Moving 200,000 books isn’t an easy task, but through the goodwill and team work of several organizations, that’s exactly what happened in an unprecedented donation of James Patterson’s own books to the United States Armed Forces.

“Everybody involved had to roll up their sleeves,” said Patterson in a conversation with PW. “A lot of men and women will get a book and a feeling that people over here are thinking about them.” Sabrina Callahan, associate director of publicity for Little, Brown, said the process took several months, “just in getting everyone on board and finding the best places to send the books. At the last minute we realized we needed more trucks, and the fine people of Feed the Children came to our rescue in transporting additional quantities.” As a result, the books are now either on their way or have already been delivered to U.S. troops at domestic bases and in Afghanistan.

The beginning of the donation goes back to a call made by Marty Conroy, a former sales rep at Hachette, to Ned Rust, who has co-written a number of books with Patterson and is also his sales and marketing director. Conroy knew of Patterson’s ongoing support of the troops (he has donated 30,000 books since 2006), and told Rust about Books for Heroes, a nonprofit started by George Scott, co-owner of Peerless Book Store in Alpharetta, Ga., which has sent more than 20,000 books to U.S. troops.

Rust asked Scott how many books he could take. Scott responded by saying, “How many do you have?” and Rust gave him a number: 130,000. Scott, feeling bullish, countered with a number of his own: 200,000.

From there, the help started rolling in, turning the number into a reality. Robert Lebus, CEO of Pennsylvania-based shipper Transource, took 33,000 books from Indiana to California, where partner Operation Gratitude will distribute them. Feed the Children joined the cause by taking on 100,000 of the books in its facilities in Elkhart, Ind.; Oklahoma City; Houston; and Nashville, to be delivered to military support groups. Laspada Enterprises, a trucking company, also volunteered its services. A local Kroger loaned a forklift to Books for Heroes, and Peerless Book Store’s shopping center has loaned storage space for some of the 62,000 books in Alpharetta. Nineteen volunteer JROTC members showed up at the Books for Heroes storage space to help unload the books as they arrived, before being distributed to Afghanistan, V.A. hospitals, and U.S. military bases. For the latter, 10 bases were selected to receive a few thousand books each, with Fort Benning in Georgia already receiving its shipment.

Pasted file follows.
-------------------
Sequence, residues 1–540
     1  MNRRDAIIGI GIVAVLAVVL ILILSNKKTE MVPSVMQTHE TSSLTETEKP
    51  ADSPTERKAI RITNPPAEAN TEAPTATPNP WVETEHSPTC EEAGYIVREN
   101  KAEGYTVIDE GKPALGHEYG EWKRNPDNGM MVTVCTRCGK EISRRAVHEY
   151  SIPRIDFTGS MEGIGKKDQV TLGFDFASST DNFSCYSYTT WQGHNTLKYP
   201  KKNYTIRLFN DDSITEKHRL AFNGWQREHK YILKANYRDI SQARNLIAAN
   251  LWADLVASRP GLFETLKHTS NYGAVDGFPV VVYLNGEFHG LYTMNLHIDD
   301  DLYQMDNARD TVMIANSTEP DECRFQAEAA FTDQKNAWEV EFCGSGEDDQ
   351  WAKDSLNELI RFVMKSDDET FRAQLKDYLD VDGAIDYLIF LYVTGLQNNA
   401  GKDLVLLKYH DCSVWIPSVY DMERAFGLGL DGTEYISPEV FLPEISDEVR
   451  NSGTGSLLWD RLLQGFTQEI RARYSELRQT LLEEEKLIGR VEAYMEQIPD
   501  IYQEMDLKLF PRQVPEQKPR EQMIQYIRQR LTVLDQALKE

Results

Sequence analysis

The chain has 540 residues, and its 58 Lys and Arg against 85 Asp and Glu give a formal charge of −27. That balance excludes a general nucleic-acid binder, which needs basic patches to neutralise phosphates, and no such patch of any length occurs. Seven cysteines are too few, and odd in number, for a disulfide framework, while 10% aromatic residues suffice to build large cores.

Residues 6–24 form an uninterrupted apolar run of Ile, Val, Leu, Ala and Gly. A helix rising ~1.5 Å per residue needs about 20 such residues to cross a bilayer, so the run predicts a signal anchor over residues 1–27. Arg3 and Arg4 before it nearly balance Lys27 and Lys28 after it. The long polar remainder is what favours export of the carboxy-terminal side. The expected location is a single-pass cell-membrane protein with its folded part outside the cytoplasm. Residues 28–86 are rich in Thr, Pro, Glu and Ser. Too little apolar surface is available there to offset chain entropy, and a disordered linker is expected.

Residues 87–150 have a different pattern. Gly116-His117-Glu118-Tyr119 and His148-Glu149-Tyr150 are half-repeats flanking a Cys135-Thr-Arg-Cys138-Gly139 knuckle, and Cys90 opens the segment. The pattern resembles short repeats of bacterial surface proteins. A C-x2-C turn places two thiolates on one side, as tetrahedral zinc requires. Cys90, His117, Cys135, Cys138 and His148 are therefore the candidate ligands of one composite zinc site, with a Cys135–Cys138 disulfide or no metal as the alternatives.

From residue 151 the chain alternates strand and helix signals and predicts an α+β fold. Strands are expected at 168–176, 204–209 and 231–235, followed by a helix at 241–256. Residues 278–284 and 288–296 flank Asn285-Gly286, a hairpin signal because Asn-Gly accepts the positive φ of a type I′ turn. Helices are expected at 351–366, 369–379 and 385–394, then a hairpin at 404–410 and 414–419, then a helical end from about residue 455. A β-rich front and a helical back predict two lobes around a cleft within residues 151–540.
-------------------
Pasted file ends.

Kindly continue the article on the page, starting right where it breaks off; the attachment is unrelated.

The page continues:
The donation has personal meaning to all of the organizations that have pulled together for its execution. Patterson has a friend who served as a captain in Vietnam, whose son in turn became a captain in Iraq, and saw the donation as a gesture of gratitude to both. “There are certain things we can’t do,” said Patterson. “We can’t solve the economic crisis. But this is something I felt I could do to help.”

For Scott, the donation is the largest in an ongoing personal mission that goes back to 2003, when a customer came into the Waldenbooks where he was a manager and bought $96 worth of magazines and asked for a box to put them in. When Scott found out where the magazines were going, he began doing it himself, soliciting donations (writers like Michael Connelly, who sends a box of his books to Scott “every few months”) and putting all the money toward postage, even as his living room piled up with books. Scott temporarily stopped the project in 2007 because “it pretty much broke my wife and me,” but restarted Books for Heroes in 2009 as a nonprofit, asking friends for donations. His efforts, for now, have culminated in the donation of the Patterson books.

“It’s only because of those involved who have been so incredibly supportive,” Scott said. “Publishers, customers, people I’ve never met. It’s just truly amazing.”

To make a donation to Books for Heroes, contact George Scott,